It’s self-evident that the mass adoption of services such as Netflix and HBO Go has played its part in revolutionising the way that we consume content. This, paired with the proliferation of smart devices, provides viewers with more means to watch their favourite shows than ever before. Across the world, we see more and more people discovering content across a range of devices and through different streaming options. They’ve been empowered to consume in a way that provides what they want, when they want, and how they want it.
The increasing number of people with a smart device shows no sign of slowing down, and in the UK, two thirds of people now own a smartphone, which they use for nearly two hours on average every day. In fact, for the first time, smartphones have overtaken laptops as UK internet users’ number one device, a surge thought to be driven by the increasing uptake of 4G mobile broadband. The speed of these devices has certainly influenced the uptake, and almost half of young people now watch on demand and catch up TV from their mobile device.
With this in mind, media companies are leveraging the web to distribute original or syndicated content with services, such as OSN Play, icflix, and Netflix, and as a result, the lines between content producers, distributors, broadcasters and technology companies have been blurred. Companies that deliver content are now producing it, production companies are getting into delivery, and pure technology companies want to be distributors. One thing is clear, however, media companies have to continue pushing content to people, in order to maintain their share of the market. Doing this sustainably in the long term requires the use of flexible and scalable integrated solutions.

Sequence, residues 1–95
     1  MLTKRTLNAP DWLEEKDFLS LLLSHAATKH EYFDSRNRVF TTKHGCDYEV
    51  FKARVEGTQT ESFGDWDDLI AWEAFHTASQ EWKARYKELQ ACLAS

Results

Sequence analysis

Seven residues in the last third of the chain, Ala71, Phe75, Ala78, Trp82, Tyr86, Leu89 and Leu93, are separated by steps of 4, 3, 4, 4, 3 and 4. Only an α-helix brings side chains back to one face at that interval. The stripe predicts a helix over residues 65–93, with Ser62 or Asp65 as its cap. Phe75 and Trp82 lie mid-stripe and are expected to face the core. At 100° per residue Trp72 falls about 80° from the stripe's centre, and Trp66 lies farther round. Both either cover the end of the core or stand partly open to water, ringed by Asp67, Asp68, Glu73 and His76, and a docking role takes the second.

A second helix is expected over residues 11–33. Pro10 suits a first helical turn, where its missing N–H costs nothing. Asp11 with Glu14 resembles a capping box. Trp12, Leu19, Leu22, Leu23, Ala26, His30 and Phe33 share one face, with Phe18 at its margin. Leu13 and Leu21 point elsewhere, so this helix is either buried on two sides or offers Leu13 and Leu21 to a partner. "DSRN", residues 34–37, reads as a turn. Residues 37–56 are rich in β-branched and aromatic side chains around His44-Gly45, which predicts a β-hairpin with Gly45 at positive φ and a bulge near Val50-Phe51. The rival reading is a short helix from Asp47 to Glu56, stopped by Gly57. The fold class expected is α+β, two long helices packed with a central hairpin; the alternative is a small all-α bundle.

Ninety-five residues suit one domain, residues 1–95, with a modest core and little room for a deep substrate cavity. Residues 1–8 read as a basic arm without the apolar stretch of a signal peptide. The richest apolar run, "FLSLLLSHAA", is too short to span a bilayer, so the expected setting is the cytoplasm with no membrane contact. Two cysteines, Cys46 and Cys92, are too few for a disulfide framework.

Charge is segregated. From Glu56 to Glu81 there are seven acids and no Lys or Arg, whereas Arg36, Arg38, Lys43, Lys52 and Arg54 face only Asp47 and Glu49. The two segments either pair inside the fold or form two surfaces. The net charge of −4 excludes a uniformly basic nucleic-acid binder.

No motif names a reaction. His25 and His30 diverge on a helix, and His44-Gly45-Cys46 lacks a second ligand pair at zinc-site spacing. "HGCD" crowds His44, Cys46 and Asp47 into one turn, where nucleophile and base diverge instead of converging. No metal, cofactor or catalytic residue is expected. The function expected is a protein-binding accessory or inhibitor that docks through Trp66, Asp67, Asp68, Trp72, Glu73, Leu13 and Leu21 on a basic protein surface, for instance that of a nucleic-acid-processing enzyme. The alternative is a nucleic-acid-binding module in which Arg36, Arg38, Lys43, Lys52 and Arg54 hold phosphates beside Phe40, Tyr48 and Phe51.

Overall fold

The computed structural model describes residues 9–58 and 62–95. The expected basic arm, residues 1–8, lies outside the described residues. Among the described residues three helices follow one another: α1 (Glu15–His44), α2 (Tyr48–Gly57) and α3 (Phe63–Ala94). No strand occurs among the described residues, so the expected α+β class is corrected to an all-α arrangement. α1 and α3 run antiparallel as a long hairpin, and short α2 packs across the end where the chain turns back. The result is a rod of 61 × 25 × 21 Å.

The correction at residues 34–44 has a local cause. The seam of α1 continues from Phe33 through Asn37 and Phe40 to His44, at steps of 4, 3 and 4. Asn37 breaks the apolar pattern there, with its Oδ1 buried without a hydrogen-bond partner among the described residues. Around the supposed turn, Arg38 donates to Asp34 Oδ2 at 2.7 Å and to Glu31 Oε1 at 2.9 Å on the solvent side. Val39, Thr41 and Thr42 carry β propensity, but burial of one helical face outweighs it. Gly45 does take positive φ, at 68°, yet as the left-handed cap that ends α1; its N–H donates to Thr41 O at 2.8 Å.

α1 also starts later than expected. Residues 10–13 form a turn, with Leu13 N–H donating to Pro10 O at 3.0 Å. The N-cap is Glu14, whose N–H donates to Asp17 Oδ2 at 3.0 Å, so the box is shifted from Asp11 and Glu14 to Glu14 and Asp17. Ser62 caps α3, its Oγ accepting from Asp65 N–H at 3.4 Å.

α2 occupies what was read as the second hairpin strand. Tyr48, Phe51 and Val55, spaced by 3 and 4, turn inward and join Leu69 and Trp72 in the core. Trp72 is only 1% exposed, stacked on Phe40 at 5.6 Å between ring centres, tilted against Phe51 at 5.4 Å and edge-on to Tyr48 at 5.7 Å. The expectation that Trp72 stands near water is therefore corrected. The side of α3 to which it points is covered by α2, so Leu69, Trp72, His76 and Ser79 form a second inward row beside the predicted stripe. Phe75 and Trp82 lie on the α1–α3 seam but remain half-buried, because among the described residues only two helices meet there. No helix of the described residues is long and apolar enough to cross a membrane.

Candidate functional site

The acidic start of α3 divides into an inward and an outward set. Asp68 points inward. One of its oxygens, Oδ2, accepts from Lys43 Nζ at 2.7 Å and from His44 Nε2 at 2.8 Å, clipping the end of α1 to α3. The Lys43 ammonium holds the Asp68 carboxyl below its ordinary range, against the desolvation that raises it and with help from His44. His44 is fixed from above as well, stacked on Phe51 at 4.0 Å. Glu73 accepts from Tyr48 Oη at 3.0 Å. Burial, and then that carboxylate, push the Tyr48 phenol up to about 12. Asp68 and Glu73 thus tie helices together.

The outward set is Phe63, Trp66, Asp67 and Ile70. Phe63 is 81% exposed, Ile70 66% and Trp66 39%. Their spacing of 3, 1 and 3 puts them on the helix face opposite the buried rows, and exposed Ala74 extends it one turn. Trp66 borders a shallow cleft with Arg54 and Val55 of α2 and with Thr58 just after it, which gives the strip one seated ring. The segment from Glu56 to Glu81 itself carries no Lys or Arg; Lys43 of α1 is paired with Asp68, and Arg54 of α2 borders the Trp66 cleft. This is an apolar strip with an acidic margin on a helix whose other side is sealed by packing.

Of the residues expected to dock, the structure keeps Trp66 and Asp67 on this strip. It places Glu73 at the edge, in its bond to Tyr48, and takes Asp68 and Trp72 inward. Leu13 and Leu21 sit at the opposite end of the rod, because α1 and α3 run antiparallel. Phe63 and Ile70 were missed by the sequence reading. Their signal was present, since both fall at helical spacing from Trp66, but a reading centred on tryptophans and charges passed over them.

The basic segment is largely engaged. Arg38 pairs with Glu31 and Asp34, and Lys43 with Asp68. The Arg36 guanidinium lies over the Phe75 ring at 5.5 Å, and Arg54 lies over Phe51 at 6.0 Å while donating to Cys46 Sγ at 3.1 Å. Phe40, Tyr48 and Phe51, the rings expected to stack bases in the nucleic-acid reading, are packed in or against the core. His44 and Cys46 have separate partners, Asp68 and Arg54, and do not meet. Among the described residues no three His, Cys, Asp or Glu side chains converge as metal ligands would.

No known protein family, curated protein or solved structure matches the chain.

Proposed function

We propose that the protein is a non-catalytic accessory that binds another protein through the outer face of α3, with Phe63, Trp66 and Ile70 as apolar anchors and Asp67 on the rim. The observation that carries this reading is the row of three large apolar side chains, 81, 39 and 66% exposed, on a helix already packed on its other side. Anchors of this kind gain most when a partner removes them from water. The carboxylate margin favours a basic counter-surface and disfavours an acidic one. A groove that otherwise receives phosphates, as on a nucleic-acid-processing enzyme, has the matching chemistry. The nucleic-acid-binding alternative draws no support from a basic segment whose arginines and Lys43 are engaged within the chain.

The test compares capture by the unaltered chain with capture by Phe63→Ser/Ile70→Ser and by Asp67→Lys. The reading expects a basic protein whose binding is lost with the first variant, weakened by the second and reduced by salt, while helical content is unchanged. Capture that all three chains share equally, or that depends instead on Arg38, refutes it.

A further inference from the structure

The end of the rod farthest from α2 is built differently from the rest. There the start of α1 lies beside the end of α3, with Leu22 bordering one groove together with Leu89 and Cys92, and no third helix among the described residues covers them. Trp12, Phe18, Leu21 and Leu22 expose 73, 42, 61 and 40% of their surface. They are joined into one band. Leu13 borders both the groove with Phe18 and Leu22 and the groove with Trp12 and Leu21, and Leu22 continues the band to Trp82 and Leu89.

To do this effectively, media companies need to work with a specialised partner that offers the full catalogue of distribution services. These range from premium video delivery services over fibre, satellite broadcasting to video-focused content delivery networks (CDN). This isn’t all, as these partners will also need to support media companies throughout the production, assist in addressing the need for multi-screen delivery requirements, amongst many other aspects. Above all, it is imperative to make content available in multiple formats, in a digital repository – such as a private, public or hybrid cloud – that’s accessible globally, anytime, anywhere.
The ability to quickly deliver high quality content, whether it is current HD/Full HD format or next generation 4K format, is critical to media companies. In the past, satellites were the go-to choice for video, and while they still work well in certain scenarios, latency and weather-related quality issues still exist. It’s no surprise that media companies have been looking for alternate distribution channels, with high-speed terrestrial fibre networks emerging as a solid choice.
Content management, delivery and broadcasting in today’s world of high-speed, high expectation and high rates of adoption present a challenge for media companies and providers. But with the right infrastructure, partners and state of the art solutions, the video revolution signals a chance to rethink age-old content and adapt how it is distributed for a world that is connected and hungry to consume across different channels.
Although it’s often disguised as a race that providers cannot win, it presents exciting possibilities and is a story of transformation, not defeat.
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